If you have never read him and wondered why people love Hunter S. Thompson, here is a glimpse why:
Weird behavior is natural in smart children, just as curiosity is to a kitten. I was no stranger to it myself, as a youth growing up in Kentucky. I had a keen appetite for adventure, which soon led me into a maze of complex behavioral experiments that my parents found hard to explain. I was a popular boy, with acceptable grades & a vaguely promising future, but I was cursed with a dark sense of humor that made many adults afraid of me, for reasons they couldn’t quite put their fingers on…
But I was a juvenile delinquent. I was Billy the Kid of Louisville. I was a “criminal”: I stole things, destroyed things, drank. That’s all you have to do if you’re a criminal. In the sixth grade I was voted head of the Safety Patrol – the kids who wear the badges and stop traffic during recesses and patrol. It was a very big position, and the principal hated that I was voted to it. She said, “This is horrible. We can’t have Hunter doing anything. He’s a Little Hitler.” I wasn’t sure what that meant, but I think it meant I had a natural sway over many students. And that I should probably be lobotomized for the good of the society.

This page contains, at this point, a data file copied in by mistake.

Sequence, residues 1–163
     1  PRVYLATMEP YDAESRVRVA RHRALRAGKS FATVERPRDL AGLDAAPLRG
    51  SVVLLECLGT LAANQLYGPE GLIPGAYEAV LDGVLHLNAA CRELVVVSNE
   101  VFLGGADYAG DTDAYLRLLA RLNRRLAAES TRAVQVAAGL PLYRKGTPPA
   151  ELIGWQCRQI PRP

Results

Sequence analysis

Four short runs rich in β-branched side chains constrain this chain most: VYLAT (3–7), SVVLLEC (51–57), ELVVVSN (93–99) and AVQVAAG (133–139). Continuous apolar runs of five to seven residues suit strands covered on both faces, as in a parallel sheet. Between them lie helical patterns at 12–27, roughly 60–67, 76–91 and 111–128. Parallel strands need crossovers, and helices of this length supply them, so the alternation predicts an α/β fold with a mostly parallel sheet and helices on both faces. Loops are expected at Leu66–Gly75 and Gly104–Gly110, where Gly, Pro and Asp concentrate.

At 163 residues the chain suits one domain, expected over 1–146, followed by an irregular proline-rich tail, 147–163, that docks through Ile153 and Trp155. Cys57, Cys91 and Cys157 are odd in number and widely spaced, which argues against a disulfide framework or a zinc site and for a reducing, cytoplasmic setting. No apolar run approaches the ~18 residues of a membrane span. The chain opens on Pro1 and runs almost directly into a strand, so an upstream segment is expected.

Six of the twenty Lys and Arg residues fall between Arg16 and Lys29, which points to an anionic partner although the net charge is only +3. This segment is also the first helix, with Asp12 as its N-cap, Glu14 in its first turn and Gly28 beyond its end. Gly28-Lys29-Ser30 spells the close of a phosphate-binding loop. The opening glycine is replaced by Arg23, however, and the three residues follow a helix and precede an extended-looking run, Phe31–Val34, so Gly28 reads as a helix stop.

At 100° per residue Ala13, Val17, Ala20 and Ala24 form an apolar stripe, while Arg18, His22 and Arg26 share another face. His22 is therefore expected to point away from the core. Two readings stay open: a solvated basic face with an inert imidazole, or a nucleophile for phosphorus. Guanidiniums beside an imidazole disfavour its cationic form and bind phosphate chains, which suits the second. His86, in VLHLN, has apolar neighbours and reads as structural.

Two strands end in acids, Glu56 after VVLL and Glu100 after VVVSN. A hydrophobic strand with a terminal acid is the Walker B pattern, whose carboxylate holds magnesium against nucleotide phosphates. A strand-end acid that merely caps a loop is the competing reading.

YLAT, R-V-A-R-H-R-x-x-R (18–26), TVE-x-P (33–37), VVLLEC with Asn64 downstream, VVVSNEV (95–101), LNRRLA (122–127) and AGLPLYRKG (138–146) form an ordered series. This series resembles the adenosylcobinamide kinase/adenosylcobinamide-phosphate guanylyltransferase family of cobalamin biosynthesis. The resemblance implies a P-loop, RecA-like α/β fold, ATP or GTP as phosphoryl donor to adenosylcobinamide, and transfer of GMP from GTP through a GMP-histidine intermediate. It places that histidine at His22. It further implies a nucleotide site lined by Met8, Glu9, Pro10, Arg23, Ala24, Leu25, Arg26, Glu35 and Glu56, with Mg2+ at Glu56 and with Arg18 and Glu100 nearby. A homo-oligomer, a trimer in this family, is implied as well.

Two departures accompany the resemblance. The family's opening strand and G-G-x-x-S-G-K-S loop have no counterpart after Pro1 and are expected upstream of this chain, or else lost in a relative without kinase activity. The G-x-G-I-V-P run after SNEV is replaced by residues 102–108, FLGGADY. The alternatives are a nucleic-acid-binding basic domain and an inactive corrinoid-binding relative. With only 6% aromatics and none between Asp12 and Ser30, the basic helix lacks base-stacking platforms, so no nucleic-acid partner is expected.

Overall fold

That story has no moral – at least not for smart people – but it taught me many useful things that shaped my life in many fateful ways. One of them was knowing the difference between Morality and Wisdom. Morality is temporary, Wisdom is permanent… Ho ho.
(Via Tim Blair)
I have to confess: I’ve always liked Hunter and his gonzo journalism. Yes, I know he’s a raving radical leftist twit. But he’s a damn fun read anyway.
The Doc had his moments. One advantage he had is he was an outstanding writer. His ideas got old; his gig got ripped off and played out by Gary Trudeau, too. But for a brief, shining moment, the doc was the man.
Back in the day, Hunter was seen as on the edge for riding with the Hell’s Angels. Now, Sonny Barger himself has an autobiography out. Sigh. The doc made you feel the dream of the 60s — things were going to be different — and then never really adapted when Nixon was gone.